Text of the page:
Functions of pulling the foot back
For a PMTS based view on this subject, I'll repost my response to a similar question that was originally posted in a thread on the PMTS forum - by the way, this one gets beat to death every so often over there also (http://www.realskiers.com/pmtsforum/viewtopic.php?t=489&sid=389d7a292c60cbff9b4dda91a7 957280
Pulling the foot back has a general function for balance and it also has an additional function in each part of the turn.
The general function of dorsiflexion (pulling the toes up while pushing the heel back) /Plantar flexion (pointing the toes and pushing the foot forward) is that they control fore and aft balance.
When you hear people say "get forward" or "move your balance back" and you wonder "how do I do that?" This is how. It is less important to rely on cenetered-ness "as a stance position" and more important to learn how to find cenetered as a movement. [this is completely consistent with Arcmeisters comments].
Beyond this, these movements also have other functions during the turn.
In the release phase, dorsiflexion and generally pulling the foot back helps the skis seek the fall line faster in the top of the turn even when the skis are flat -- this becomes especially important in the steeps and the bumps. This also makes sure that your body is centered at the top of the turn. Some people find that focusing on just the new free foot is the best, others find that doing the movement in both feet is more effective. Whichever works.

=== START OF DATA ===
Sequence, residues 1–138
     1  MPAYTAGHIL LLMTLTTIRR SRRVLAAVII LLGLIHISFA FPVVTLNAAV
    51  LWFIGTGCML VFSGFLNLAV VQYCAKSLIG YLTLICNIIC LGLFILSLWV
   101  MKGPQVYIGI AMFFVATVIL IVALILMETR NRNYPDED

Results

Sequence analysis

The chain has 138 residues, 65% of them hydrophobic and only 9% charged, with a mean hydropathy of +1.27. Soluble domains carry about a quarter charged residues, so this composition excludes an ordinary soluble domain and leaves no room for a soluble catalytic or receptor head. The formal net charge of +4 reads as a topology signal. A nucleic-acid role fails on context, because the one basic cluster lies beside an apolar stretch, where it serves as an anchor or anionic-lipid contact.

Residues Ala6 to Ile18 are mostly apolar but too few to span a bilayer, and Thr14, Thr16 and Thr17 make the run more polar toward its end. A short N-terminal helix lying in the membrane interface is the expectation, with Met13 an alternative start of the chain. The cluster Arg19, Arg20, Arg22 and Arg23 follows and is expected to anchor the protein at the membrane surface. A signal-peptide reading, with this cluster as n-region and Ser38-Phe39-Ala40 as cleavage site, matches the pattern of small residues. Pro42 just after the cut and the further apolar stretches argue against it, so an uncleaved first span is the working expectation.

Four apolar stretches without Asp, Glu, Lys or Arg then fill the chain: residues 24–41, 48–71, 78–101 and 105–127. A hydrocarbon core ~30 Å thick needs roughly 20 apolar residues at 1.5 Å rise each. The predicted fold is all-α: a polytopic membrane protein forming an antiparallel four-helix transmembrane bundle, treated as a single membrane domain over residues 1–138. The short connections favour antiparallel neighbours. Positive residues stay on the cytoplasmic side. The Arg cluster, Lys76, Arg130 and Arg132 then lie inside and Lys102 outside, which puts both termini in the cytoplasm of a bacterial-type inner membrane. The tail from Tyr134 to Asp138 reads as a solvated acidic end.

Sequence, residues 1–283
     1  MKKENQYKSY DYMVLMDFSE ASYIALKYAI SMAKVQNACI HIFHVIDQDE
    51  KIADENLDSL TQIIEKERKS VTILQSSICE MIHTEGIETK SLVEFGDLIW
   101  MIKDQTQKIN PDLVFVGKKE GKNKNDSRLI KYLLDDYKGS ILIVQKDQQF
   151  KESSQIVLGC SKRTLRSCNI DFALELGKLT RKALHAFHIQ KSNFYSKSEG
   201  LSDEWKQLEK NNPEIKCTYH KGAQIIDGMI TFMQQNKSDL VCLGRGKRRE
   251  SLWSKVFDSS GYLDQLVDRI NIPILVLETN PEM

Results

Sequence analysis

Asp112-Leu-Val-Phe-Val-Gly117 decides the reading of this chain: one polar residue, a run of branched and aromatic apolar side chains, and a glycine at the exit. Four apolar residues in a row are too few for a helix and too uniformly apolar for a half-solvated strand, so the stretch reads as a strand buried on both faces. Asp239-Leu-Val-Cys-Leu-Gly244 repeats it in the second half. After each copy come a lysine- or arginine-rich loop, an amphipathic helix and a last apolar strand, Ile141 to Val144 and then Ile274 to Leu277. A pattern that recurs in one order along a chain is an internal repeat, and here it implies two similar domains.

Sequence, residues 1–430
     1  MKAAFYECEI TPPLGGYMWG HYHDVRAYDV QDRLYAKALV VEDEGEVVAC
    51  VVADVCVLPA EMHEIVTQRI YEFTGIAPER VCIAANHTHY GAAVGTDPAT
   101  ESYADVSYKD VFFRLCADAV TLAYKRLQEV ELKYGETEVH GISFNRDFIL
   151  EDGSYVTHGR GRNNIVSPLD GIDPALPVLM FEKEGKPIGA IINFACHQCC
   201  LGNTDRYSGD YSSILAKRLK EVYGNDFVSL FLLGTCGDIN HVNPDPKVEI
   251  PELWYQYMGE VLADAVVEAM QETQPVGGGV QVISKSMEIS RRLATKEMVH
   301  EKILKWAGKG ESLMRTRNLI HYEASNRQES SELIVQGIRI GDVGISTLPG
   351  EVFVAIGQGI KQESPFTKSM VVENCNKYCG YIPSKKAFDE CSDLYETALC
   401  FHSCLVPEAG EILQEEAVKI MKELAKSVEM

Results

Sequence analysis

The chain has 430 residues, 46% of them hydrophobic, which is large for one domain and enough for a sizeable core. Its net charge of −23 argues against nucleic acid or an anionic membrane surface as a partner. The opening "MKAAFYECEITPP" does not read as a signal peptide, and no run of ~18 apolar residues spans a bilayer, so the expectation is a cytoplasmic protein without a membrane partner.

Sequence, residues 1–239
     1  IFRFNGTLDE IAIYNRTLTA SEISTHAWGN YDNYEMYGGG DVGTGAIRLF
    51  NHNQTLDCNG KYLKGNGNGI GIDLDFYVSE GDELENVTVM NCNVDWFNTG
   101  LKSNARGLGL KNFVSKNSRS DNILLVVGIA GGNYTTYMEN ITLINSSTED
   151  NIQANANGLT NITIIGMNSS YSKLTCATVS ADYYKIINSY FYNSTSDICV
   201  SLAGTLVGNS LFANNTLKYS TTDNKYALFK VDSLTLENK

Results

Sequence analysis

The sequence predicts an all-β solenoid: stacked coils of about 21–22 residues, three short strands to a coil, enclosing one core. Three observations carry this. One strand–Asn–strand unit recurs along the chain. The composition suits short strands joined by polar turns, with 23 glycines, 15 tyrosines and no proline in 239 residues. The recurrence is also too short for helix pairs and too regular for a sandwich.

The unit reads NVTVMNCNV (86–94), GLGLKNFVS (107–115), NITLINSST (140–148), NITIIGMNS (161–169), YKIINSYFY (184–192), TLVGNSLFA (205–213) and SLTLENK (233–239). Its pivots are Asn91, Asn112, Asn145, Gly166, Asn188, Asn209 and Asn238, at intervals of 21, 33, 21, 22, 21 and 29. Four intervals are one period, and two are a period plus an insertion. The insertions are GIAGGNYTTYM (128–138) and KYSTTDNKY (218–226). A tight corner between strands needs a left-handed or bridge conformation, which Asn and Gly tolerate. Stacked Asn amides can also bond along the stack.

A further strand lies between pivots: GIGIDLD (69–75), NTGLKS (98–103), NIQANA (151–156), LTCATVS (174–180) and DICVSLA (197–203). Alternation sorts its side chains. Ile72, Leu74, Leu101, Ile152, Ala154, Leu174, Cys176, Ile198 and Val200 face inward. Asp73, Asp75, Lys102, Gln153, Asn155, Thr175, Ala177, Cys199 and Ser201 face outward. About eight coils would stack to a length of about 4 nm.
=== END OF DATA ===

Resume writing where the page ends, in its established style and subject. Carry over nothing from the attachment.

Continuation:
In the engagement phase, dorsiflexion and generally pulling the free foot back also controls fore/aft balance However, just as important, it facilitates inversion of the free foot and helps produce greater ski angles and increase engagement.
Just try standing on the slope with a naturally narrow stance. Now, push the uphill foot out in front so that the heel of the uphill foot is in front of the downhill foot. Holding this position, and without flexing your legs, try to tip the uphill foot toward its little toe edge using your foot/ankle.
With your free foot leading, you will very quickly reach the limit of your tipping ability.
Now, pull the foot back so that the toe of the uphill boot is slightly behind the toe of the downhill boot. Holding this position, try to tip the uphill foot toward its little toe edge using your foot/ankle.
You will notice a big difference in the amount of inversion that is available if you continue to invert while you hold the foot back.
Hope you find this helpful and/or interesting.